Must you register for GST when what you sell is GST-free as exported to overseas customers?
The answer is YES. The total turnover of an enterprise – including domestic and overseas sales – is included in the GST registration threshold of $75,000, so a requirement to register for GST arises.
- Even if sales to Australian customers are nil or minimal and below the threshold,
- Even if all goods are exported within 60 days and GST-free,
- Even if the taxpayer would always be receiving GST refunds,
- Even if the ATO sends cryptic robo-emails that imply otherwise,
- Even if someone on the ATO phone helpline is unsure,
… the GST Act says YES. Your business is required to be registered for GST under Division 23 of the GST Act.
Some of our clients tell us they’ve received conflicting advice from the ATO on this subject. Some have not registered for GST when they should have and have needed our help to promptly register and upgrade their accounting systems with cloud software, and lodge some BAS’s.
Question: What is the benefit of being GST registered?
Most businesses are actually better off by being GST registered because they “get back” all the GST paid on their business inputs.
This quite often results in quarterly GST REFUNDS for business selling GST-free goods and services to overseas customers.
How better off you are can also be measured by how effectively you minimise your risks and manage your business by using appropriate accounting software with time-saving automations. Being GST-registered also encourages businesses to keep their records up to date and track their cash flows on a regular basis. Such businesses are more likely to be profitable, stress-free and receive more timely financial advice than those that use outdated manual systems. Win win!
Question: I didn’t register for GST so why didn’t the ATO chase me?
Perhaps the ATO just haven’t caught up with you yet. Or perhaps they’re not that interested in paying refunds! The ATO hold their cards close their chest. But ask yourself – how long do you want to risk attracting an audit of your business systems by failing to register for GST?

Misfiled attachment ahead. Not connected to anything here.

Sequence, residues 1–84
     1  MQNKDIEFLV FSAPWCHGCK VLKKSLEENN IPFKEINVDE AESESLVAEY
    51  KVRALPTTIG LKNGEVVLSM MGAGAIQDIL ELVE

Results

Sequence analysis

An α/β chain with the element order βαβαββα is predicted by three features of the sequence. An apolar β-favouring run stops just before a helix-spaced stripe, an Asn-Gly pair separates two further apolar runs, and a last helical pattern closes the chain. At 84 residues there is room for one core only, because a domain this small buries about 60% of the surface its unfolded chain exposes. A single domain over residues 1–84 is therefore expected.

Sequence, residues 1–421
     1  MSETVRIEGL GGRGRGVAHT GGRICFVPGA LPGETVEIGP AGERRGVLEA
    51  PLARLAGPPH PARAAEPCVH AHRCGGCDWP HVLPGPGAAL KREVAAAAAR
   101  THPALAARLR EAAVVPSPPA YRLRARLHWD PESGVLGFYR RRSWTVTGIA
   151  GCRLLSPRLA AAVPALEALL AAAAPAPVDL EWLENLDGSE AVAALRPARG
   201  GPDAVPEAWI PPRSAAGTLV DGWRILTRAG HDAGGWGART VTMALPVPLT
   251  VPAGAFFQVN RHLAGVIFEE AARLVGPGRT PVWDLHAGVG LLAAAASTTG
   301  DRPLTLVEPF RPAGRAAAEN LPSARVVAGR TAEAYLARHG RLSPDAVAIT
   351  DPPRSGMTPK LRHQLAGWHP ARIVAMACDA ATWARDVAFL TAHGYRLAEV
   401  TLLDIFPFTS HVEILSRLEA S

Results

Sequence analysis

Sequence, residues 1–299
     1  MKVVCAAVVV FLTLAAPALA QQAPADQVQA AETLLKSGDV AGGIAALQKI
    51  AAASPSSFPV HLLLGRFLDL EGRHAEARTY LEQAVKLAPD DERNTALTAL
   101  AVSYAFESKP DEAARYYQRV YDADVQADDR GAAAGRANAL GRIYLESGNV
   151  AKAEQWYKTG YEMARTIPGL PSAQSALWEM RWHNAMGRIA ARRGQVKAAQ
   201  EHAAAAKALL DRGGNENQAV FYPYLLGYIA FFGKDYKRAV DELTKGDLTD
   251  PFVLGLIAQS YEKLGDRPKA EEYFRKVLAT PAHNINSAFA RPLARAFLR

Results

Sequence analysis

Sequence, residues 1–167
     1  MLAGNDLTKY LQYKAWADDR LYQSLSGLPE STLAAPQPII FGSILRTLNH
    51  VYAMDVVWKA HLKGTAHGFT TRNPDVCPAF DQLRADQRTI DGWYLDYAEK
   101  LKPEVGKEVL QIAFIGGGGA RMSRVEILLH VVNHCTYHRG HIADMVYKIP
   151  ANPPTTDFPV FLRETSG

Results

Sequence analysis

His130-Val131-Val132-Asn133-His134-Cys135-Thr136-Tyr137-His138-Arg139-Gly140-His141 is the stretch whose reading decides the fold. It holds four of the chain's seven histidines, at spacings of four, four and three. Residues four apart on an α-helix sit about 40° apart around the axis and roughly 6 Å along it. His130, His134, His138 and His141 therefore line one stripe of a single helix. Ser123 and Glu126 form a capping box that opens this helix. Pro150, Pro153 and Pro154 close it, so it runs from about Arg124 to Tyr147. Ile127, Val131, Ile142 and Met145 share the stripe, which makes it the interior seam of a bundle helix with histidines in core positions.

As tax agents, we have to minimise our clients’ risks and our own – so all we can do is interpret how the law applies to your situation and warn you of the consequences of failing to comply with legislative requirements (e.g. deemed assessments and penalties, see this ATO practice statement). Whether or when the ATO pursue non-compliant taxpayers is not something that tax agents can predict.
Having said that, the ATO has not shown an appetite for pursuing these kinds of overseas-sales taxpayers who have failed to register for GST in the past. After all, the ATO’s resources are directed at preventing revenue-leakage, so we expect they would prioritise chasing taxpayers who avoid paying tax rather than those who avoid claiming refunds.
Question: So I registered for GST and got a refund… why did the ATO question it?
When taxpayers first claim a GST refund, a flag is raised to the ATO and their reaction is automated. Unfortunately, some people rort the system which has resulted in massive revenue leakage. So the ATO have a program of verifying GST refunds to prevent fraud. This may involve sending a letter or email querying whether the entity is entitled to an ABN or GST registration, or withholding a GST refund until an investigation is concluded.
In our experience of clients’ GST refunds and registrations being queried, a quick phone call to the ATO explaining our clients’ circumstances has always led to a speedy resolution.
Question: How does it work if I sell good online to overseas customers?
Sales to overseas customers when sold online through an online agent platform may be GST-free export when exported within 60 days but these sales are included when calculating the annual turnover for GST registration purposes.
Further, if you account for sales made through an online agent platform the electronic distribution platform (EDP) rules under the law for low value imported goods do not apply since there is no importation of low value goods into Australia when the goods are located in Australia and the sales are made to the overseas clients and Australian clients. For information on the EDP rules under the law for low value imported goods refer to the following:
- Law Companion Ruling LCR 2018/2: GST on supplies made through electronic distribution platforms at https://www.ato.gov.au/law/view/document?DocID=COG/LCR20182/NAT/ATO/00001
- Fact sheet ‘GST on low value imported goods – information for operators of electronic distribution platforms (EDPs) at https://www.ato.gov.au/Business/International-tax-for-business/In-detail/GST-on-low-value-imported-goods/Information-for-operators-of-electronic-distribution-platforms/